Now I’m ready to model how to think deeply about dystopian characters by using the next strategy of thinking about how characters respond in different ways to power. I might model my thinking for how Luke responds to power and provide more guided practice. I might send students back to the chat box or to the breakout room to discuss a different character while my in person students return to their whiteboard.

Even though students can’t lean in and discuss, it does not mean we abandon such an important practice. Utilize whiteboards, a piece of paper even, the chat box, and the breakout rooms so students can still participate in guided practice and conversation that is so essential for growing readers and writers. As you reimagine a practice, it will be clumsy at first for both you and kids, but when it becomes a part of what you do daily, it will quickly become second nature, much like the words, “turn and talk” do within a week of it being a norm in your typical classroom.

Independent Practice

Once the minilesson is complete, we will continue to provide the sacred time of reading and writing independently. We will remind them of the kind of work they can do today by referring to their anchor chart and send them off.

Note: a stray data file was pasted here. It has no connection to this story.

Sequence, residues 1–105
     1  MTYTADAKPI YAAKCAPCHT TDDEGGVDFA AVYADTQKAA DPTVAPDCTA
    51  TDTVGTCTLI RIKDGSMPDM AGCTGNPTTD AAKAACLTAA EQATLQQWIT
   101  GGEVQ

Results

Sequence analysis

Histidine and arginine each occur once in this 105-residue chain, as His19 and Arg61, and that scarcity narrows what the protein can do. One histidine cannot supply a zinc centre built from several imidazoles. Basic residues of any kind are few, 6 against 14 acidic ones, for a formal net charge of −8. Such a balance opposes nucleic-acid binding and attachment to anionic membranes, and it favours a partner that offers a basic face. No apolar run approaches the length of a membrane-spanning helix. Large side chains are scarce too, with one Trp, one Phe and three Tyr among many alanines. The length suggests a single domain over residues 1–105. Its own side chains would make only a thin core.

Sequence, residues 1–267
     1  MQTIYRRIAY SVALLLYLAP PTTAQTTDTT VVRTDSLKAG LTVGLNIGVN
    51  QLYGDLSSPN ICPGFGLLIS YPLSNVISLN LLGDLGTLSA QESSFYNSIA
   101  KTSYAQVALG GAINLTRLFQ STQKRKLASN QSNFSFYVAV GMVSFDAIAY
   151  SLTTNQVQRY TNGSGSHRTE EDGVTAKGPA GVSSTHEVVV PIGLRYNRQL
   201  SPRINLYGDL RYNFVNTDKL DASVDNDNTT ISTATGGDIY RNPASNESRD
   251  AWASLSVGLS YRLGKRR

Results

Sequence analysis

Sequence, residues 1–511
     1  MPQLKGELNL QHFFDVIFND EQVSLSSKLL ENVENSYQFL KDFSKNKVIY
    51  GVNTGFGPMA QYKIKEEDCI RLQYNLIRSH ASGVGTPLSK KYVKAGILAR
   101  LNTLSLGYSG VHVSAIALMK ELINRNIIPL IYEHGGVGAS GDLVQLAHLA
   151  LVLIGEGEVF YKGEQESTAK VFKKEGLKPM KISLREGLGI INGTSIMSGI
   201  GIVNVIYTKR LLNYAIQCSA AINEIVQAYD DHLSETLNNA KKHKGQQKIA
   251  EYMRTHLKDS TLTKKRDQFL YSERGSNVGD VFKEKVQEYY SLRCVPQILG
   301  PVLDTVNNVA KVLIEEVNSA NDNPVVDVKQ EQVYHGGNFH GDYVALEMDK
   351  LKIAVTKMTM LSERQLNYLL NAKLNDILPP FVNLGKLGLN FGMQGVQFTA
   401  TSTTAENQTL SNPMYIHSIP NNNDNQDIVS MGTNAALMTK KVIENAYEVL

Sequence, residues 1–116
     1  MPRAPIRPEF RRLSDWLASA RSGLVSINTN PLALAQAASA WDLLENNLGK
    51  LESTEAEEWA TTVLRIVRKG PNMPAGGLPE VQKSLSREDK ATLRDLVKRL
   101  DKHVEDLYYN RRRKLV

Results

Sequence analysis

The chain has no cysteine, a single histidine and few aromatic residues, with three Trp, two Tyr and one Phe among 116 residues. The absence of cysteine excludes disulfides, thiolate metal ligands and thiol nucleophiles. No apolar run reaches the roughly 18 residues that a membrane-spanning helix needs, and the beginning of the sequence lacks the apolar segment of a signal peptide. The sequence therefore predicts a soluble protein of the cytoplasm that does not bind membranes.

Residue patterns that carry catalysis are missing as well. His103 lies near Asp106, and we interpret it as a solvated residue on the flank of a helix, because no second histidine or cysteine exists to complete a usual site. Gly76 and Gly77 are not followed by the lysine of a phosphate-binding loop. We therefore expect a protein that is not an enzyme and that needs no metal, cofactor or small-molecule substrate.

If I have the ability to use multiple devices I might keep a timer going on one or set a timer on my phone to keep track. I live by my timers, and they can help some kids with time management and keeping focused. They can even be added inside student notebooks for students by inserting a video!

But What About Small Group and Conferring?

The minilesson exposes students to the rigor, but the real magic happens in small group and conferring. This is time where you are using your best tools in the shed to grow readers and writers. We may not have our small group table since furniture has been removed from classrooms to space student desks six feet apart, and we may not feel comfortable sitting along side a student to properly confer, but that does not mean we abandon our best tools! Much like turn and talk and guided practice, we need to reimagine what this will look like. This might look different from room to room depending on just how many actual students are in the room, but keeping six feet apart and trying to run a small group in person could be a challenge. The volume of your projected voice alone would be a distraction to the independent readers and writers in the room. What I might do instead is pull small groups from the cohort that is working from home into a breakout room. I’d let those in the classroom and at home know that during the independent reading and writing time, I will be pulling certain students at home into a breakout room. From there I will work on what kids need based on data from running records, performance assessments, and what I am seeing in reader’s and writer’s notebooks. I have the ability to open any students notebook if it is a digital one and confer — compliment, teach (what does this student need next?), send off to practice. This time is so incredibly sacred as it provides the differentiation for students and allows relationships to be built. This time cannot be put on the back burner.